We examine the consequences of an organizational reform in Israel that transferred the responsibility for housing arrestees from the Police to the Prison Authority. Using the staggered introduction of the reform in different regions of the country, we document strong evidence that this organizational change led to an increase of 11 percent in the number of arrests and to a decrease of 4 percent in the number of reported crimes, with these effects concentrated in more minor crimes. The reform also led to a decrease in the quality of arrests, measured by the likelihood of being charged following an arrest. These findings are consistent with the idea that the reform externalized the cost of housing arrestees from the Police's perspective, and therefore led the Police to increase its activity against crime.
The authors explain
During the years 2007 and 2008 Israel undertook a large reform in the handling of arrestees and the management of jails. Prior to the reform, the Police was responsible for the transportation and the housing of arrestees. Arrestees were detained either in police stations or in jails that the Police operated and controlled. The Police was also responsible for transporting arrestees from jails to courts and back. When suspects were convicted, they were moved to prisons, which are controlled by the Prison Authority. Under the new arrangement, the Police was no longer responsible for housing arrestees or transporting them. Jail facilities were handed over ”as is” to the Prison Authority, and arrestees were no longer detained at police stations (except for a few hours). Twice a day, the Prison Authority’s transportation unit would pick up new arrestees from police stations and take them to jails or to courts. P. 6.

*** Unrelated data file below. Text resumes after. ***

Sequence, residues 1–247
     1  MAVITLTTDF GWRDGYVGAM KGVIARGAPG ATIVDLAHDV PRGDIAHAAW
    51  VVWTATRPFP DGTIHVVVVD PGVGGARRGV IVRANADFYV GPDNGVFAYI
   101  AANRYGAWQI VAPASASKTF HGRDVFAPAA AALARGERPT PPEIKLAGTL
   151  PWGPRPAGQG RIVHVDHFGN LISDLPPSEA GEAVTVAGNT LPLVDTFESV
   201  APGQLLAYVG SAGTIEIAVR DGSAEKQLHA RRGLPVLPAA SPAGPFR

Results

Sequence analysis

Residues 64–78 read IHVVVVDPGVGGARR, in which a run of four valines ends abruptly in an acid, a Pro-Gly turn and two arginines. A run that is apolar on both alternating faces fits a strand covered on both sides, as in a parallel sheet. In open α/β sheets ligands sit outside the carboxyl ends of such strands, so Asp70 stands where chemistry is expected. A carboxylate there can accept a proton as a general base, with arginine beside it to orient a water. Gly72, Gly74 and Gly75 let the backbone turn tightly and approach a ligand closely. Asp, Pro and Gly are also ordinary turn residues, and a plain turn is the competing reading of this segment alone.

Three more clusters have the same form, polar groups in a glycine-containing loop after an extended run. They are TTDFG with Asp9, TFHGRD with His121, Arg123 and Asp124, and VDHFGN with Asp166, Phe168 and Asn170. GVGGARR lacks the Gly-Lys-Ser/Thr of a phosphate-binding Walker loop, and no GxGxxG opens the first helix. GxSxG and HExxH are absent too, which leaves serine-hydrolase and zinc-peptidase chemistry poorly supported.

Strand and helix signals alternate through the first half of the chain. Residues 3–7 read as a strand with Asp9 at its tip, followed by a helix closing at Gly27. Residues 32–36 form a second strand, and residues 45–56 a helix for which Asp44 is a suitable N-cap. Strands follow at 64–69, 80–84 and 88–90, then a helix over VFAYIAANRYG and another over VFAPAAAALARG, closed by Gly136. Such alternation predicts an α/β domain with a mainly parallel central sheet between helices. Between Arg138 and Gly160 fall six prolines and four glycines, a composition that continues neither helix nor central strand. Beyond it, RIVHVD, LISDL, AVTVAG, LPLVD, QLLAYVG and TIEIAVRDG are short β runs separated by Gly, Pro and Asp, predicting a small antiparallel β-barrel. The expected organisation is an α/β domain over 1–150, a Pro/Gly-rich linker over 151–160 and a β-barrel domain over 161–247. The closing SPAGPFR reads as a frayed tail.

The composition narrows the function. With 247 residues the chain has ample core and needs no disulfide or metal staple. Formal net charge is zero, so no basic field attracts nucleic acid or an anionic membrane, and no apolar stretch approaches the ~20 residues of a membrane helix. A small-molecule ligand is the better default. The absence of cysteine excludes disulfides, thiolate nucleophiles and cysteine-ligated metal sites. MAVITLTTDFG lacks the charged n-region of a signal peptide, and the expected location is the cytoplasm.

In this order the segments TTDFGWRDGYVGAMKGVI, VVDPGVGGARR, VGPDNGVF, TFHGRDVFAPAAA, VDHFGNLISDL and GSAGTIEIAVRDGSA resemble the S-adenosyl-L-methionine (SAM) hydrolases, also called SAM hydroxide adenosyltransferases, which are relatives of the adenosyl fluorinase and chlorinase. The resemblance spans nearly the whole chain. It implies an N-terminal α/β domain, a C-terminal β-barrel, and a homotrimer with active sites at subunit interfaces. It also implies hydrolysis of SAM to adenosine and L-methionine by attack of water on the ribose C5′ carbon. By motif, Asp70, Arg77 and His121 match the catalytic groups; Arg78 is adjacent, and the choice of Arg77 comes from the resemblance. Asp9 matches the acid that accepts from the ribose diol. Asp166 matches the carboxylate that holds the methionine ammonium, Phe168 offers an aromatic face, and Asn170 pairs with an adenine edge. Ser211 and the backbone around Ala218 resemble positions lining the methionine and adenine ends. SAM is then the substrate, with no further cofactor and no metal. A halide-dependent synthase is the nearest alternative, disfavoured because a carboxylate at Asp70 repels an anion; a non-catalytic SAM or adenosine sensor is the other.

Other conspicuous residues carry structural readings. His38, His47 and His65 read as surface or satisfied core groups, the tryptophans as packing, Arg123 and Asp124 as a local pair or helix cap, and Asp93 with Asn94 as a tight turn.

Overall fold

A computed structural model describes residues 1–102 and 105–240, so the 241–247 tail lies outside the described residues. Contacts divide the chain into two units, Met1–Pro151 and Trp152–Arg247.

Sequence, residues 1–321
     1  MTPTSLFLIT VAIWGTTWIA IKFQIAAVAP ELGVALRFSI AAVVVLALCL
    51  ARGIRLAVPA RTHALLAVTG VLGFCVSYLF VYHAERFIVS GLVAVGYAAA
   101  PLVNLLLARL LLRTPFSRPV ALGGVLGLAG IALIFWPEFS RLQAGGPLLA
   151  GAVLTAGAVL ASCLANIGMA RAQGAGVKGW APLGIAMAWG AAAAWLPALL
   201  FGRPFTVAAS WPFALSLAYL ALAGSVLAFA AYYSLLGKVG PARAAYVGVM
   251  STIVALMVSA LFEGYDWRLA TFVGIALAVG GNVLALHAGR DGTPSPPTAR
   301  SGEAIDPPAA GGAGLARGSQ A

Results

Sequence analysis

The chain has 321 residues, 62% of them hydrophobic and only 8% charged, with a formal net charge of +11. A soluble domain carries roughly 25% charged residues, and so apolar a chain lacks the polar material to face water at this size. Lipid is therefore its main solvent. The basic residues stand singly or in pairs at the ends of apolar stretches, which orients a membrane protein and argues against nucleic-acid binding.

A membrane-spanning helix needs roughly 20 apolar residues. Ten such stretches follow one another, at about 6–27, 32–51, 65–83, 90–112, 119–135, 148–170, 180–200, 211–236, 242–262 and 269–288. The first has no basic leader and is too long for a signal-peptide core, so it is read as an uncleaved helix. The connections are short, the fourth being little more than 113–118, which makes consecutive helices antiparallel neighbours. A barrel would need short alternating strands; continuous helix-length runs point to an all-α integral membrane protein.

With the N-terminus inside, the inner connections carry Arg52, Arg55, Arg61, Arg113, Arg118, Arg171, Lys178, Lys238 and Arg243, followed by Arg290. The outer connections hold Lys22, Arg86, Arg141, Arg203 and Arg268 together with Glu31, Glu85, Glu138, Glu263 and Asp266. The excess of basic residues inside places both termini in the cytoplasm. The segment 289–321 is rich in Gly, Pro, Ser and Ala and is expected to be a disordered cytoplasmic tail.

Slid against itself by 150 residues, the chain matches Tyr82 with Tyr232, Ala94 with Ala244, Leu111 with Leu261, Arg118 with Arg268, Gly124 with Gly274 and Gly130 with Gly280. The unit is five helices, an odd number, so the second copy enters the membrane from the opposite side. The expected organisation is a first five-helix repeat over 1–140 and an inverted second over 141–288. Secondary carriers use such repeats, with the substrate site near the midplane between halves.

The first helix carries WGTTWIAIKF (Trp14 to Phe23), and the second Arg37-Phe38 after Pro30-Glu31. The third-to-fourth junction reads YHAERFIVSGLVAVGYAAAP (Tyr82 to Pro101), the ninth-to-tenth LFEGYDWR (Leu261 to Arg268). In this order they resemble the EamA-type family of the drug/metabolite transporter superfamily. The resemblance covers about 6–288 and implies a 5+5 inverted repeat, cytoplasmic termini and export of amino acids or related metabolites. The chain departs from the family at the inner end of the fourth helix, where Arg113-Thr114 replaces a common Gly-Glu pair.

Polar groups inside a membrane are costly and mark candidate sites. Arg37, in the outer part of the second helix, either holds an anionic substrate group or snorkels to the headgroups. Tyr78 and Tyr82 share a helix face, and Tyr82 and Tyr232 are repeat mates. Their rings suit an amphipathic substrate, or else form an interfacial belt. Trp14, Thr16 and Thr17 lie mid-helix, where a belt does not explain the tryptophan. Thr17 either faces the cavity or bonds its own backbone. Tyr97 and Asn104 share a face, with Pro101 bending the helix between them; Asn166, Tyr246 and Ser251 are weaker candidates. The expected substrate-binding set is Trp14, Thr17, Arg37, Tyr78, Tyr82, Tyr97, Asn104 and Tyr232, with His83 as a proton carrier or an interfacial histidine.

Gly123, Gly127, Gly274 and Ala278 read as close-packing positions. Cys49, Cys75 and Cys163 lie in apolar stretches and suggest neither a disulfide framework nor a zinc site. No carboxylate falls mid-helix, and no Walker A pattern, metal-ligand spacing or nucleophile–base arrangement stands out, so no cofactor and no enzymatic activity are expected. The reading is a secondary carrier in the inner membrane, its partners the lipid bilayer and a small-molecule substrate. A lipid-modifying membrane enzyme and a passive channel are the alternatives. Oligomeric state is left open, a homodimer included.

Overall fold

In general the reform has increased efficiency by allowing the police to focus more on crime persecution, and prison authorities on the management of arrests. The case shows that within the government it is possible to pursue more actively division of labor an especialization. In the conclusions the authors talk about other areas where that kind of reform can be implemented, such as hospitals.